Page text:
I know this is my second entry of the day, and I really have to get busy in the kitchen, but I just had to share this with you. It's a repeat of an entry I wrote several years ago so some of you may remember it. But I just thought it might give you a chuckle. Read on - - -
I bet I never told you the story about the very first turkey I ever cooked, did I? Well, get yourself a cup of coffee and get comfy in your computer chair. Here goes.
As a bride of only one year, Ole moved me off to the NATO base in Keflavik, Iceland. Prior to that time we lived in a small (very small) mobile home in a mobile home park on a lot about the size of a postage stamp. Needless to say, this didn’t make for good entertaining capabilities, so I hadn’t done much cooking or meal planning for more than just the two of us. I am fortunate that Ole will eat anything I put in front of him, and in those early days never complained about my amateurish cooking - with one exception.
His favorite pie was banana cream pie. It’s not anymore cuz I think I ruined it for him. I’ll tell you this short little story before I get to the Turkey Delight.
Anyway, one Saturday when I was at home and he was working I thought I would surprise him with not one, but two banana cream pies. I worked so hard on making the pie crust from scratch – none of those store-bought crusts for me. I filled the pies with the banana pudding and sliced bananas and then came to the meringue. I’m not a fan of meringue myself, but in Ole’s world banana cream pie had to have meringue because that’s the way his mother always made it (any of you ladies heard that before?) So I dug out my trusty old Good Housekeeping cookbook from 1957, looked up the recipe and proceeded. I broke and separated a half dozen eggs and proceeded to beat the living H-E-double toothpicks out of them, added the cream of tarter and then realized I was supposed to also add sugar – according to this recipe two tablespoons per egg white. Well, somewhere in my Young Bride brain I left behind the word tablespoon and superimposed the word cup. As I gradually added 12 cups of sugar to the six eggs, the peaks kept getting higher and higher. After putting the meringue on the pies I tucked them into the oven for browning. I watched carefully and pulled them out just at the right time – beautiful high peaks of meringue that were golden brown on the tips. Picture perfect. They were sitting on the counter cooling when Ole came home that night. He couldn’t wait to sample so grabbed a fork to dip in for a bit of a taste. I happened to be in the other end of the mobile home, but I could hear when the fork hit the meringue with a loud TWANG so hard it bent the tines. Then he tried it again in a different spot and again on the other pie. Same results – TWANG! Then he chuckled and asked me where I had gone that day to get concrete? That’s when I discovered that 12 cups of sugar is just a bit much for 6 egg whites. Actually, I haven’t made meringue since. Now if Ole wants something on top of his banana cream pie he gets Cool Whip!! Remember – simplify your life.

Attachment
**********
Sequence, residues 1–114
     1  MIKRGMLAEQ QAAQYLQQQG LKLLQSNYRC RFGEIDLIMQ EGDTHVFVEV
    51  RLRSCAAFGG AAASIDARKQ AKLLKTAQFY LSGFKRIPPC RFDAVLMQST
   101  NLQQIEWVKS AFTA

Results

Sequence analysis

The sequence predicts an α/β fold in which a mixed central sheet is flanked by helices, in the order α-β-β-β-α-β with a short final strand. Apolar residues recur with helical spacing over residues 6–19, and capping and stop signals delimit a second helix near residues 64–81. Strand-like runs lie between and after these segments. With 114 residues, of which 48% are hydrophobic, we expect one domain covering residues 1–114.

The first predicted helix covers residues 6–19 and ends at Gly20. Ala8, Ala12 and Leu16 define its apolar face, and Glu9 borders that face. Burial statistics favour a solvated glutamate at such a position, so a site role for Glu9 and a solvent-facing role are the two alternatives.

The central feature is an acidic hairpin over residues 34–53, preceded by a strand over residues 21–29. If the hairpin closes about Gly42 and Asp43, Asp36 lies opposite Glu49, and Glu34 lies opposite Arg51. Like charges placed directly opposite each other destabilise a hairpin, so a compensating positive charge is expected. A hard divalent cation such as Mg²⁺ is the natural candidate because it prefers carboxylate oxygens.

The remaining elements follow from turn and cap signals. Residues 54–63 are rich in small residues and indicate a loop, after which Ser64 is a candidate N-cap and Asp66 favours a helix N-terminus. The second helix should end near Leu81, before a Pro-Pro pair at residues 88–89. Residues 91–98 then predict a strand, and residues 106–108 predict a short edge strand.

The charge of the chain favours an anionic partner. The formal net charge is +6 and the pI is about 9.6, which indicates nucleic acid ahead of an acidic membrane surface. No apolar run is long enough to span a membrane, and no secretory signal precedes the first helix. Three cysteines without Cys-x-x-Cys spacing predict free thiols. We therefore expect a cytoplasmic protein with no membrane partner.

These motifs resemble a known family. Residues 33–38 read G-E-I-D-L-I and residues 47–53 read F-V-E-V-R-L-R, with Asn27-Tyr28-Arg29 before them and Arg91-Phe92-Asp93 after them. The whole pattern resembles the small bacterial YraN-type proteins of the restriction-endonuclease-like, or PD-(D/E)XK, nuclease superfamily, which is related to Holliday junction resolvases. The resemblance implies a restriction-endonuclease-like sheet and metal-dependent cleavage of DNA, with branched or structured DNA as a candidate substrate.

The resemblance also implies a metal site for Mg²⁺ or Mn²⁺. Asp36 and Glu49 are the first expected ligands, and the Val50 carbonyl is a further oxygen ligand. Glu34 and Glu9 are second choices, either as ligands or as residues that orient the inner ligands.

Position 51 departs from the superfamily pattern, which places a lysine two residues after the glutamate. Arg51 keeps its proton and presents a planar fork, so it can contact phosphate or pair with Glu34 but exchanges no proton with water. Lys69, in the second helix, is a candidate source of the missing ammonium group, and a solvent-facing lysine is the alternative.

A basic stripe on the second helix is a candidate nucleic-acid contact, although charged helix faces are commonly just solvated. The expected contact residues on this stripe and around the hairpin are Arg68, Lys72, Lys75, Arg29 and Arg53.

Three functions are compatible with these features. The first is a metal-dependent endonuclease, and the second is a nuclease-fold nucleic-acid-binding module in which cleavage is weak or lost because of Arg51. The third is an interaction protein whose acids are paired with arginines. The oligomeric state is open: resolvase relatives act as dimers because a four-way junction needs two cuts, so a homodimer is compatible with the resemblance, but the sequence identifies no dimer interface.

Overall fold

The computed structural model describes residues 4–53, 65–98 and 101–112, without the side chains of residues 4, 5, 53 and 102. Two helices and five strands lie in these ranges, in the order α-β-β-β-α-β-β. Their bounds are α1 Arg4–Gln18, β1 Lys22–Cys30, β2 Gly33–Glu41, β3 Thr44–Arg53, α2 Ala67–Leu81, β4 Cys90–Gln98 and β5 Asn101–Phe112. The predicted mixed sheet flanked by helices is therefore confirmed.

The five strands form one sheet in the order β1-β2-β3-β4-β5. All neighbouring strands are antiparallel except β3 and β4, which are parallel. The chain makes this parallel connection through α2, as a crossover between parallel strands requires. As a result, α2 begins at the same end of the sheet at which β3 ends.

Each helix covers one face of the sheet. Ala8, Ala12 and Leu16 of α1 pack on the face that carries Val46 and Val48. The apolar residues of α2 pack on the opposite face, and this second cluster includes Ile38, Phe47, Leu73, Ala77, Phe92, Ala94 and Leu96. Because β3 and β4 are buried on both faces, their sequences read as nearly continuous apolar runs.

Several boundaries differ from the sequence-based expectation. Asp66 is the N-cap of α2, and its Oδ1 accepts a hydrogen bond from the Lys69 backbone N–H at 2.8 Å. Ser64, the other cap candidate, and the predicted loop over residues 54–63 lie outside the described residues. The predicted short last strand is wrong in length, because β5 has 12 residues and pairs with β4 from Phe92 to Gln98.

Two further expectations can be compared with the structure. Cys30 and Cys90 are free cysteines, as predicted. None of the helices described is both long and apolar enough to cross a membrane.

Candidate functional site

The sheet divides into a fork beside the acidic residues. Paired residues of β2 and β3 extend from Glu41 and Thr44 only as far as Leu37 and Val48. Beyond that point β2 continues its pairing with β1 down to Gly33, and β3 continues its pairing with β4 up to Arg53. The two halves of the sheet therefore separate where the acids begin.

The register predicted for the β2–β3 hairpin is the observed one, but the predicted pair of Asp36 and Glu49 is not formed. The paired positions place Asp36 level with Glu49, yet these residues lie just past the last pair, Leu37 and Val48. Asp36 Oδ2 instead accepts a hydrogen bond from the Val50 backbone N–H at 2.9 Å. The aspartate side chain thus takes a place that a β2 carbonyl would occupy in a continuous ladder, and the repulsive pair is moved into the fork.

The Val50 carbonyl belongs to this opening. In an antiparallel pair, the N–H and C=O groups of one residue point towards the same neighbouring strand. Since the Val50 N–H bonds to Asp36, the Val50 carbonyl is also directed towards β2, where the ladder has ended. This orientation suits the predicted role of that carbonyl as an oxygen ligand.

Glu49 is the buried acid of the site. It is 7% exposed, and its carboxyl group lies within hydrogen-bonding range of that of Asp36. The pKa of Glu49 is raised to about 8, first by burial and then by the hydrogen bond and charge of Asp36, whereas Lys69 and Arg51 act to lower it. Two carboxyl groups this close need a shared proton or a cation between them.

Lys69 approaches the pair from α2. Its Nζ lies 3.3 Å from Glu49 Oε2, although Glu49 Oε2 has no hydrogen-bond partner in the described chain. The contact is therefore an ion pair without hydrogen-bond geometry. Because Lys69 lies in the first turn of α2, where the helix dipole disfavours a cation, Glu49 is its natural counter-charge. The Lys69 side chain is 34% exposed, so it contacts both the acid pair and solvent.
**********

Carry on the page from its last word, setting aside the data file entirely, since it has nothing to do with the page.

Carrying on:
Anyway, back to the turkey in Iceland. We lived off base by choice when we lived in Iceland. We thought as long as we were there we might as well enjoy as much of the flavor of the country as possible. But this did present one itty-bitty problem. In order to buy groceries at the commissary and take them off base there were a number of steps you had to go through. First of all you were only allowed to take a preset dollar amount of groceries off base on a weekly basis. This was called your Take-off Allowance. This was all due to the fact that the Icelandic government didn’t want American goods making a negative impact on their economy. Guess they were afraid we’d sell all that cheap American food to the Nationals or something. Once you had made your food purchases for the week you had forms to fill out and then had to go through Icelandic Customs where they would check your bags and make sure you didn’t have more than what you claimed. Yeah, this was a pain in the neck, but it didn’t take us or all the other Americans living off base to figure out ways around this little bottleneck. I won’t go into them now, as that’s another story, but if we’d been caught we would have had a record for “international smuggling.” How’s THAT for being a bad girl?